All that would matter is that we could potentially detect these intelligent life-forms' activities, even if we don't fully understand what they're doing. In some cases, though, we might understand. 

A superintelligence would need a lot of energy to facilitate the computations of its CPU. In 1964, Soviet astrophysicist Nikolai Kardashev proposed what would become known as the Kardashev scale, in which increasingly technologically developed civilizations harness the total energy of first a planet (Level I), then a star (Level II) and then an entire galaxy (Level III). 

In principle, the latter two levels would be achievable via Dyson swarms of solar-energy collectors around a civilization's home star, and then around every star and black hole in their galaxy. According to the Kardashev scale, a Type II civilization could harness 4 x 10^26 watts; a Type III civilization could reach 4 x 10^37 watts. 

A superintelligence might even opt to live inside a Dyson swarm — for example, in a "Matrioshka brain," a series of nested shells of Dyson swarms in which the innermost shell absorbs sunlight, uses the energy for processing and then emits the residual heat energy for the next shell to pick up, and so on.

What do superintelligences do in their spare time? 

This animation shows fast radio bursts appearing and disappearing over Earth. (Image credit: T. Jarrett (IPAC/Caltech); B. Saxton, NRAO/AUI/NSF)

What would a superintelligence do with all that energy? "Maybe they smash neutron stars together for fun and those are the fast radio bursts!" Croft said, only half-jokingly. "If you do have command of ridiculous amounts of energy, if you've achieved a Kardashev Type II or III level, then what might you do with your spare time? One thing we've seen through human societies over millennia is art, and it drives a lot of our endeavors, creating beautiful things, and I wonder whether a superintelligence might make art and whether that's something we could spot."

Spotting alien art might not be so easy; art is cultural, so we would not know what is beautiful to them. However, the scale of the potential art projects we could detect might make life easier. A superintelligence might push stars around, for example. One theoretical way of doing this is via a Shkadov thruster, which is essentially a giant concave mirror facing a star at a distance where the gravitational attraction that the mirror feels from the star is balanced by the stellar wind trying to push the mirror outward. The mirror would reflect the stellar wind and the star's own light back toward the star. And because photons and particles can carry momentum, the reflected radiation would push the star in the opposite direction. Over millions of years, it could, in theory, move the star many light-years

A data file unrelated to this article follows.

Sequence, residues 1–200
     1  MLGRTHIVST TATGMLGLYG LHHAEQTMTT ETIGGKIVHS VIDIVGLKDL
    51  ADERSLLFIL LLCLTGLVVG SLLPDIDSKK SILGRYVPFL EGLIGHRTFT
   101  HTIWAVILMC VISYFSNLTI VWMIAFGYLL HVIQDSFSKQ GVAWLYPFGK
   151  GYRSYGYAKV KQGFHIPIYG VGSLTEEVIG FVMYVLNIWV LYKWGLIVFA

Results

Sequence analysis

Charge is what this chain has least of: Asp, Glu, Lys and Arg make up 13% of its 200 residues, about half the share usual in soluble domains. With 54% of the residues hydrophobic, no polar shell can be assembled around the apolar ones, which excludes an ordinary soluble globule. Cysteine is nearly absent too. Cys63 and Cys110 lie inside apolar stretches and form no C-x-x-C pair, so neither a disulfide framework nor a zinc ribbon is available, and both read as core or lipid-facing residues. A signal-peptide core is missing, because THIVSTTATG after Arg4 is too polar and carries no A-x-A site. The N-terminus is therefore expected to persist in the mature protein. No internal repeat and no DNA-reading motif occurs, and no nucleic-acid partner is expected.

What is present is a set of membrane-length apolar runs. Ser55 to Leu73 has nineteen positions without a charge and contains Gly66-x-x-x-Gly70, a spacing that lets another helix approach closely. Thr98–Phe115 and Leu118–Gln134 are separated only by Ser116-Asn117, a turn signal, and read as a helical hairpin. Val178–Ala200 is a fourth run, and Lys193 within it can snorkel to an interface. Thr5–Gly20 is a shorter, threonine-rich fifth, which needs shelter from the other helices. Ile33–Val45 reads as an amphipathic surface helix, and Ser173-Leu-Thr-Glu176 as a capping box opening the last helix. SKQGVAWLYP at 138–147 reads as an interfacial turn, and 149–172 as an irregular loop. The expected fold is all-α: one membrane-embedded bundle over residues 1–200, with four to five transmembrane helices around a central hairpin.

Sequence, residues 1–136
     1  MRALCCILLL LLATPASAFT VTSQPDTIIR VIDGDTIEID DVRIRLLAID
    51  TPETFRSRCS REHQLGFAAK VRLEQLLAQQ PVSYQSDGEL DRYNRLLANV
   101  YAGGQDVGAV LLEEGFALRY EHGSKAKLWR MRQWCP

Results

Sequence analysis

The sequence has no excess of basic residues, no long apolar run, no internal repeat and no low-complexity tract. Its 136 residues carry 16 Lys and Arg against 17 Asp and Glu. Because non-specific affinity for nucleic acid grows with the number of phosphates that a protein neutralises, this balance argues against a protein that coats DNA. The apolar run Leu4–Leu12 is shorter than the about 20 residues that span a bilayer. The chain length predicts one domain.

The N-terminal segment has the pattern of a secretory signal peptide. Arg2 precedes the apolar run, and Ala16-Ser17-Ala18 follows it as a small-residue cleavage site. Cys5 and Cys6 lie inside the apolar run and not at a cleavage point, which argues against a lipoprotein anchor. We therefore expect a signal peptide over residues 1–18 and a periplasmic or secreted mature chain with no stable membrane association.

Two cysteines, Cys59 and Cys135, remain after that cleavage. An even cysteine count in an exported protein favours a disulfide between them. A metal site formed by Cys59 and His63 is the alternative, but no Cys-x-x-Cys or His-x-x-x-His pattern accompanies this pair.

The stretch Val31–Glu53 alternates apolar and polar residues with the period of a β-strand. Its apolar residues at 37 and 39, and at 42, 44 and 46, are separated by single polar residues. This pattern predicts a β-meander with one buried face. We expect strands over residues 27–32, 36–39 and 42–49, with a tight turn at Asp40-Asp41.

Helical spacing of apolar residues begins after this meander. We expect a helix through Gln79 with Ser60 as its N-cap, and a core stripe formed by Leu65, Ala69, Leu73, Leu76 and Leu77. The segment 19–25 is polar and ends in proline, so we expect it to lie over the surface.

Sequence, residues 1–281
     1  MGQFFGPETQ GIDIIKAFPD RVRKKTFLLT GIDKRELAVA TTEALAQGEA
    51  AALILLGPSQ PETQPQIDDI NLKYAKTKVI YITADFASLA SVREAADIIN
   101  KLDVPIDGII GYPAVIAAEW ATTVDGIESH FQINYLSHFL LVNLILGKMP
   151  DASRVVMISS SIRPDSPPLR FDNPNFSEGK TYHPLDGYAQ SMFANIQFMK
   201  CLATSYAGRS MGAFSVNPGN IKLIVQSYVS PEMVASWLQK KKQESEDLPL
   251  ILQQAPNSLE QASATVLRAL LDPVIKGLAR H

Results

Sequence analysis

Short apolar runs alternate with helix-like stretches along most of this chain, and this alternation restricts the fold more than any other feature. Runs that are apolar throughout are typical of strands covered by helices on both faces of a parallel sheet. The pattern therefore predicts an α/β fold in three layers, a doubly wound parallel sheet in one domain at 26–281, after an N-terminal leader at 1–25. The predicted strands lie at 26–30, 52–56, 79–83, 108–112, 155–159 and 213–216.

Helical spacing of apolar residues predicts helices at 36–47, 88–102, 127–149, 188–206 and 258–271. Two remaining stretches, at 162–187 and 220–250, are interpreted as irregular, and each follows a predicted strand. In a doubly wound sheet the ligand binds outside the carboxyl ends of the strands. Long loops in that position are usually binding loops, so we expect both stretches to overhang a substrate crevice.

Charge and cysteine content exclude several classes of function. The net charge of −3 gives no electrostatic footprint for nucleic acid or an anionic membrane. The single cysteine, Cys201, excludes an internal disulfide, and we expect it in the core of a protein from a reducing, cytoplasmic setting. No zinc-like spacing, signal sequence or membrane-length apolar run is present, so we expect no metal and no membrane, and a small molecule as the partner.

If an alien superintelligence has an artistic leaning, it may wish to assemble geometric shapes out of stars, such as a Klemperer rosette. This is a gravitationally stable system of six objects — in this case, stars — perhaps alternating in mass between large and small, all moving around a common point on the same orbit. Such a star system could not form naturally, and if we found one, it would be evidence for a powerful extraterrestrial intelligence. An alternative concept would be to place all of the planets in a system on the same orbit around their star; a recent study showed how it might be possible to fit 24 planets on the same orbit without them colliding.

However, all of these are brute-force projects. Superintelligence may be more focused on the loftier goal of just thinking, or running virtual reality programs. Processing information requires a lot of energy, and the more a superintelligence thinks, the more energy it will require. And the less ambient heat there is, the more efficiently the computations run. 

The interior of the Milky Way galaxy is a warm place, so superintelligences might relocate to the outskirts of the galaxy, where the ambient temperature drops, thus allowing more efficient information processing. Some researchers have even proposed that superintelligences might go into hibernation for tens of billions of years while the universe around them cools to just a fraction of a degree above absolute zero, which would permit more efficient computations. (Currently, the universe — or, more specifically, the cosmic microwave background, the leftover radiation from the Big Bang — is 2.73 kelvins above absolute zero.).

What would they be thinking and calculating? That's not a question we can answer, but we don't need to. All we have to do is find evidence for their presence — whether in a Dyson swarm, a Shkadov thruster, a Klemperer rosette or activity on the edge of the galaxy. And perhaps, if our own AIs arrive at the singularity too, that could give us some insight into what the great intelligences of the universe spend their time doing.

Follow Keith Cooper on Twitter @21stCenturySETI. Follow us on Twitter @Spacedotcom and on Facebook.